Craig
Nov 27, 2010 Craig rated it liked it
It would be easier to file the book away as a period piece showing two sides of the single woman in the early 20th century. Joker side 1 is the libertine Monroe with a bubbly laugh, bright clothes and a man for any bed who lies in bed during daylight, considers life in shades of gray and wanders aimlessly but alone. Joker side 2 is the doting daughter who unselfishly cares for the mother who the pretty daughter has left, who is admired and complimented by all, but who yearns to have a life outsi ...more
Benjy
Jul 21, 2013 Benjy rated it liked it
Really compelling and tightly written but man, this is one rough read.

I'd previously read Good Morning Midnight and had heard the criticism that all of her novels other than WSS are more or less the same. I've also heard that this one and GMM are especially similar as they deal with aging women and the other two are closest because they are about younger women.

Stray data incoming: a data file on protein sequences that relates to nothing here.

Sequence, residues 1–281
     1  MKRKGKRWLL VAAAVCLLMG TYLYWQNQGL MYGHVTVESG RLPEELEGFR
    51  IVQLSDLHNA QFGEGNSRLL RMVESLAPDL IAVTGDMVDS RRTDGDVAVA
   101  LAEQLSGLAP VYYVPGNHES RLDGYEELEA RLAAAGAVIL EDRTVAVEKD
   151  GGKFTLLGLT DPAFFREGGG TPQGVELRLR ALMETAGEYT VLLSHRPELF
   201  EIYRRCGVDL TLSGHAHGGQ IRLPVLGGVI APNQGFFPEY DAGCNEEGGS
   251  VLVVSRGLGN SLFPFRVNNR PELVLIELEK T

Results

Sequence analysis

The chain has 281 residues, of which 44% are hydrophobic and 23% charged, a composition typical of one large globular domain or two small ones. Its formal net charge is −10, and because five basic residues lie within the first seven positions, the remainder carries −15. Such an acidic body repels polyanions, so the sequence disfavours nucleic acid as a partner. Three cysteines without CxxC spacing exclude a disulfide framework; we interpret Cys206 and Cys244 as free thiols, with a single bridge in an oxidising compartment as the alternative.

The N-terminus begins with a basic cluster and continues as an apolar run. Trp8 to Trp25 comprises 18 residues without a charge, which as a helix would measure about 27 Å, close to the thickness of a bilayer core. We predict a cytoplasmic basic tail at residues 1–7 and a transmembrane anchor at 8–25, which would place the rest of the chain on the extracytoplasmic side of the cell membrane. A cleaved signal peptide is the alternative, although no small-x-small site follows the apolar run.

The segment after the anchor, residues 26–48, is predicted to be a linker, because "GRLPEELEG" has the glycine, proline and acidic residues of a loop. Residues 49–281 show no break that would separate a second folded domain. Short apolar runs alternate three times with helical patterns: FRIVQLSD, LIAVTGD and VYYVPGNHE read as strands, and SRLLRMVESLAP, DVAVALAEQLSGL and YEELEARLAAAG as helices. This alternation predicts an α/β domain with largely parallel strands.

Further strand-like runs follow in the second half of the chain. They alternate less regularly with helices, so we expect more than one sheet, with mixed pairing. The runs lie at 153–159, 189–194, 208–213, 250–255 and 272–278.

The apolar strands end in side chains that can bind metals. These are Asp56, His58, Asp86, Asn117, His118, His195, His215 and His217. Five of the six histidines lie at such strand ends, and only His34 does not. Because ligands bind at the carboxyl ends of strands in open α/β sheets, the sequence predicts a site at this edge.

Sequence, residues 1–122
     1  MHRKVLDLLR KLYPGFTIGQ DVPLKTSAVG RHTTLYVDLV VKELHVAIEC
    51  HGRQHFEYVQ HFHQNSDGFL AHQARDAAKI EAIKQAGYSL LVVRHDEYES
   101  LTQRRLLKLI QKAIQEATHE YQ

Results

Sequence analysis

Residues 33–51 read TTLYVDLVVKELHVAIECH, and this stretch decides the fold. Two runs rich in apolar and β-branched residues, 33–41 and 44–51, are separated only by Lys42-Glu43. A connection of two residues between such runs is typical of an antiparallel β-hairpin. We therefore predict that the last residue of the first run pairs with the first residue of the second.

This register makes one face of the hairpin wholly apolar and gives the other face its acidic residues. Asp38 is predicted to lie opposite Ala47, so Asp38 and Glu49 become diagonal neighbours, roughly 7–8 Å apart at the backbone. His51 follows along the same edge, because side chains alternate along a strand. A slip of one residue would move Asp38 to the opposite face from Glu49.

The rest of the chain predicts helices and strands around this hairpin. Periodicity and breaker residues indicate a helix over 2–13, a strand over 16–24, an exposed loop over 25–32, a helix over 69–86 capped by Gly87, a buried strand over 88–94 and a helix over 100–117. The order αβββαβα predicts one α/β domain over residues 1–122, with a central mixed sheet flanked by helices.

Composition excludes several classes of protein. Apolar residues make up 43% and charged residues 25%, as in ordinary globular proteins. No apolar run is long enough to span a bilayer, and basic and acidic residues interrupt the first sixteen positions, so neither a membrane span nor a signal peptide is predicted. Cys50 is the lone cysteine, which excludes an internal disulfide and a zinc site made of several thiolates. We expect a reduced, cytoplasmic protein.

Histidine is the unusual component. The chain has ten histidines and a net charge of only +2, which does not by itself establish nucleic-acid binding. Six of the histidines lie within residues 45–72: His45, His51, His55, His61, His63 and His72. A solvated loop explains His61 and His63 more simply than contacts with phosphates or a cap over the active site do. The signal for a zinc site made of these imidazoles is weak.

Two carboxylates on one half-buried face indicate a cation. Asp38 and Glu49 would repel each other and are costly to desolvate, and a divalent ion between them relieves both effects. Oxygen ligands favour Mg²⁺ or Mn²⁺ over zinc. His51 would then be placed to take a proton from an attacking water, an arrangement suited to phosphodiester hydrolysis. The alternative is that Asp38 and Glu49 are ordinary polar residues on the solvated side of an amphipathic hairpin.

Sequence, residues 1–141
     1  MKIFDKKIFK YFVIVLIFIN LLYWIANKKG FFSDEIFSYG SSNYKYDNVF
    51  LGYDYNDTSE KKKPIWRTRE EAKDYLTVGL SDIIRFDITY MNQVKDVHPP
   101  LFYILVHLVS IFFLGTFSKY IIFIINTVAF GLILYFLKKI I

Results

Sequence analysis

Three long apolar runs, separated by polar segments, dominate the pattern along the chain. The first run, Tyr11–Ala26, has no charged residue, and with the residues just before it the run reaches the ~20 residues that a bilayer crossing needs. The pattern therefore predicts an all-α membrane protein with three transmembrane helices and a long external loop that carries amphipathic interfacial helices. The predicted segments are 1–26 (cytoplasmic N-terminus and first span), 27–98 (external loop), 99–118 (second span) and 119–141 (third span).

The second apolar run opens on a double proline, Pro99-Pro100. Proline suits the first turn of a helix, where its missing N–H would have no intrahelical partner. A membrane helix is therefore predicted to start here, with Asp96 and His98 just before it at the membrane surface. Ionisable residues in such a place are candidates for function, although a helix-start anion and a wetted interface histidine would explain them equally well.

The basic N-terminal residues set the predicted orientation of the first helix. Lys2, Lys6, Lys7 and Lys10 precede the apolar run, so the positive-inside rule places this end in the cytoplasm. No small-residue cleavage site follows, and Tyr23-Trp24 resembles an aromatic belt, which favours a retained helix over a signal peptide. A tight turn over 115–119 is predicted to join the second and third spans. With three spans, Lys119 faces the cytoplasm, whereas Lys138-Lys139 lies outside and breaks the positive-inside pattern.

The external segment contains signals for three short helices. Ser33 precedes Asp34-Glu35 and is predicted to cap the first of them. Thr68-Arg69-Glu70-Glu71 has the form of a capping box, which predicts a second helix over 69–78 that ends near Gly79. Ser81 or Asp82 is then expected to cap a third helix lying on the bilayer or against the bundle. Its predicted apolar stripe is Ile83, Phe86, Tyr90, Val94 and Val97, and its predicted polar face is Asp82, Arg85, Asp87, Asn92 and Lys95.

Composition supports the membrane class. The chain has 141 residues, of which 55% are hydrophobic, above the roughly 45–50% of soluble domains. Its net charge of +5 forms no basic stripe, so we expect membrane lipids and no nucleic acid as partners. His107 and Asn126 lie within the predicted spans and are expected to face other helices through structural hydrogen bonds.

There was plenty of difference here that I didn't feel like I was reading the same book in a different city (different only part of the
...more
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Jean Rhys originally Ella Gwendolen Rees Williams, was a Caribbean novelist who wrote in the mid 20th century. Her first four novels were published during the 1920s and 1930s, but it was not until the publication of Wide Sargasso Sea in 1966 that she emerged as a significant literary figure. A "prequel" to Charlotte Brontë's Jane Eyre, Wide Sargasso Sea won a prestigious WH Smith Literary Award in ...more
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“It's so easy to make a person who hasn't got anything seem wrong.” 23 likes
“Of course she had some pathetic illusions about herself or she would not be able to go on living.” 22 likes